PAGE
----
The Panel heard that one of the main limitations of current EA process is the inability to assess the potential effects of a proposed project on Aboriginal rights and title. Participants explained that if respect and recognition for Aboriginal rights and title were part of EA processes many contentious issues would be addressed and the assessment of projects could proceed in a more effective and efficient manner, with increased certainty for all parties. The Panel heard that First Nations are not anti-development as long as the environment and their rights are respected and they are sharing in the benefits of sustainable economic growth within their traditional territories. The Panel also heard that the EA should look at all potential impacts, including impacts to Aboriginal and treaty rights.

JURISDICTION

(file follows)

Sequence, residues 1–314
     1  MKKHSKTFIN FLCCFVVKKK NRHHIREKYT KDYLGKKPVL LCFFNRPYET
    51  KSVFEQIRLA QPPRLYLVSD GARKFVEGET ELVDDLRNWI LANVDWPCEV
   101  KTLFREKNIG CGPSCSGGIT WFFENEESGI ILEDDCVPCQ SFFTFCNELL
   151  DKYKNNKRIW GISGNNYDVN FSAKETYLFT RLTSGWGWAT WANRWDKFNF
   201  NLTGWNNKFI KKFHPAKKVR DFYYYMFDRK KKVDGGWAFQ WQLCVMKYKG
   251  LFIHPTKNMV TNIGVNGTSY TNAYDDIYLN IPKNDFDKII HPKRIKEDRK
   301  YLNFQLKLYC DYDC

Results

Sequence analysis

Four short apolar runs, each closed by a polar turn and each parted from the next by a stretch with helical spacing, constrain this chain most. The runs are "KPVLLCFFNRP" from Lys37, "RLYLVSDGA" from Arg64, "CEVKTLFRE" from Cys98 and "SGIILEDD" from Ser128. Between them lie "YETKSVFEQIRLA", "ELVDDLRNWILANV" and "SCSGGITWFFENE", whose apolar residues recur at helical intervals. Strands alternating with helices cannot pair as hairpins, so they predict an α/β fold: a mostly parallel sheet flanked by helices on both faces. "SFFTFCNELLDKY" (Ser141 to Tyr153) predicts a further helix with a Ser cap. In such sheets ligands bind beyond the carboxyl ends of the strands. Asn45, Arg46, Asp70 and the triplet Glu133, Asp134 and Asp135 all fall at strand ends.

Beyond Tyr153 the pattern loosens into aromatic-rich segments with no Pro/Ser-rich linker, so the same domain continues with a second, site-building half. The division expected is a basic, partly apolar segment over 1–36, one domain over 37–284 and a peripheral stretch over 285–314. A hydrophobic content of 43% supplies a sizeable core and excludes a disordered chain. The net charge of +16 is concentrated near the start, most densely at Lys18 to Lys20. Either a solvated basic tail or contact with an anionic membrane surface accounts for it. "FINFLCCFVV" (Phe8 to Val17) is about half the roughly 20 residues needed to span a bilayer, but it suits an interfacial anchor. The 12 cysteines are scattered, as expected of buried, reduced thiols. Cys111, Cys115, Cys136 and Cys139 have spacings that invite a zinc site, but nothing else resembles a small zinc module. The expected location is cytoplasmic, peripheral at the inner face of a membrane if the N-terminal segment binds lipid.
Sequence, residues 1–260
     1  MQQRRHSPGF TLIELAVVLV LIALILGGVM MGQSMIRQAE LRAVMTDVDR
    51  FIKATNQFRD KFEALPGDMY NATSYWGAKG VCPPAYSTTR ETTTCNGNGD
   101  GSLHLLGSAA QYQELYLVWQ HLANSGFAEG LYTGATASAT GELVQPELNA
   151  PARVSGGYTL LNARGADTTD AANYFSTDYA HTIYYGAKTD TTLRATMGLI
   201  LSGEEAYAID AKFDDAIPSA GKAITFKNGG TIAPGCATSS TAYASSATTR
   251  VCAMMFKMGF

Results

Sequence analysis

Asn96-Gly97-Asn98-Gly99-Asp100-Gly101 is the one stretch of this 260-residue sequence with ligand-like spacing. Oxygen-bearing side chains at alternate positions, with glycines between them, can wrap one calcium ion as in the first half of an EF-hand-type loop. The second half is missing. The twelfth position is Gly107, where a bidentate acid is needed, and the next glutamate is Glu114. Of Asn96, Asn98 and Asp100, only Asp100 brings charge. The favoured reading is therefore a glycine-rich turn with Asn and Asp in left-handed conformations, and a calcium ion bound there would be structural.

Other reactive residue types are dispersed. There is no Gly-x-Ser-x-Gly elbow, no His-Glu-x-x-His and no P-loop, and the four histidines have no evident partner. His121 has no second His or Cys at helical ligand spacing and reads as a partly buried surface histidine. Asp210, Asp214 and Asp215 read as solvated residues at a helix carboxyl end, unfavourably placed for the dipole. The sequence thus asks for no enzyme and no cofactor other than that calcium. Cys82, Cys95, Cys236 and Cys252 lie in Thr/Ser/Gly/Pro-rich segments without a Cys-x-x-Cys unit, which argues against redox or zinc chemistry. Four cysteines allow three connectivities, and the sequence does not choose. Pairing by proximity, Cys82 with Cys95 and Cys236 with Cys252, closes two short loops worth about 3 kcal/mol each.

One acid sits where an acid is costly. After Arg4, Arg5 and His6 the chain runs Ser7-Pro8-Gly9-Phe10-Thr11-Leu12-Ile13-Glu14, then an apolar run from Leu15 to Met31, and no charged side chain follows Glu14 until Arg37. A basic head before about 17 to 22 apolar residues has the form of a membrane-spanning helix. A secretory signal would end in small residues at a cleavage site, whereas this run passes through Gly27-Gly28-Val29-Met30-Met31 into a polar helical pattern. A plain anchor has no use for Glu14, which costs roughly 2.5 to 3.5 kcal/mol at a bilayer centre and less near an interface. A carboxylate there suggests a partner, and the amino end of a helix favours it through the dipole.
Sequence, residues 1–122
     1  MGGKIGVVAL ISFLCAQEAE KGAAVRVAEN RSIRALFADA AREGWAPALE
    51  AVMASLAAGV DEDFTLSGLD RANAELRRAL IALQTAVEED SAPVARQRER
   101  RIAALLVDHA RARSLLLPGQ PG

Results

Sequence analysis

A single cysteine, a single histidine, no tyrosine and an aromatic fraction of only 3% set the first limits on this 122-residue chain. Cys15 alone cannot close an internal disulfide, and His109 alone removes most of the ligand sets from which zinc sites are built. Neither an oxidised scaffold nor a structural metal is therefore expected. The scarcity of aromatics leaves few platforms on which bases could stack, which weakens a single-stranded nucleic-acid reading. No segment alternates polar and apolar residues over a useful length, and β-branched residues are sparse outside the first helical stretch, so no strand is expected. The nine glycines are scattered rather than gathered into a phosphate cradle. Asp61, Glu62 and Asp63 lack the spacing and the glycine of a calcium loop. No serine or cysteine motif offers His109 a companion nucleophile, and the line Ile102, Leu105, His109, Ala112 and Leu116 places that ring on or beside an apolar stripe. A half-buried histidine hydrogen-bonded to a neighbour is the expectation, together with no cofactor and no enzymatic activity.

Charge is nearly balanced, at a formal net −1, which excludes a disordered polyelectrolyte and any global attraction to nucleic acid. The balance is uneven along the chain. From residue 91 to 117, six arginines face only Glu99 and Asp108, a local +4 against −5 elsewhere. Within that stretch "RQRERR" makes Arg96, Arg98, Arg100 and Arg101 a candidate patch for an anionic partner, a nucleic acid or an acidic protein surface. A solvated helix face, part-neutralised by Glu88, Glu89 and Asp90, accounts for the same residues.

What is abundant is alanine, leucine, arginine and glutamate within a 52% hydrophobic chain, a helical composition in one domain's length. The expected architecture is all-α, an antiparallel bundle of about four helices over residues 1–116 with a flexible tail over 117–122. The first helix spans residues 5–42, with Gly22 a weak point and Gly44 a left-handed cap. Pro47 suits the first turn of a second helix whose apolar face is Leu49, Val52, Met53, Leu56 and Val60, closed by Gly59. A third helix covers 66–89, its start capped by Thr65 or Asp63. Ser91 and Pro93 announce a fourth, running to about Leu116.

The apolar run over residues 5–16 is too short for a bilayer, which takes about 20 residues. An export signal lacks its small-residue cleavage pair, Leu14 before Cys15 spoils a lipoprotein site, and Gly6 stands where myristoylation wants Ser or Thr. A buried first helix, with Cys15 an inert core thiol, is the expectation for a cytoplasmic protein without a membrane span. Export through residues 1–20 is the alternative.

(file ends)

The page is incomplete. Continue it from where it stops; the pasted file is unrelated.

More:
Participants expressed that First Nations are self-determining, sovereign and have their own laws and traditions, which need to be incorporated into EA. The Panel heard about the importance of Indigenous sovereignty over traditional lands and territories and the importance of equitable and just discussion with governments and proponents to develop a better relationship for resource sharing. Participants pointed out the need for a legislative framework that defines and includes the exercise of Indigenous jurisdiction, and moves beyond the duty to consult and accommodate. Participants explained that this framework must be flexible enough to allow for Indigenous groups exercising decision making authority to do so in keeping with their own responsibilities, laws, and jurisdictions. Further, First Nations decision making processes and expressions of Indigenous laws must be considered equal and legitimate parallel processes. Participants identified the need for emerging government to government processes that are planned and clearly defined. Participants presented the United Nations Declaration on the Rights of Indigenous Peoples (UNDRIP) as the starting point for setting higher standards for respecting First Nations’ jurisdiction, including the capacity to carry out environmental assessments and decision making. The Panel was reminded that Canada’s legal commitment to the UNDRIP is serious and that the honour of the Crown is at stake. They indicated that going forward, the EA legislative framework can and should meaningfully incorporate UNDRIP and the principle of free, prior and informed consent (FPIC). The Panel heard that principles of UNDRIP such as FPIC can be reconciled with the Crown’s duty to consult and accommodate as FPIC is simply a higher standard. Participants indicated that consent would reduce the conflict and issues that cause projects to be delayed in protest and court challenges.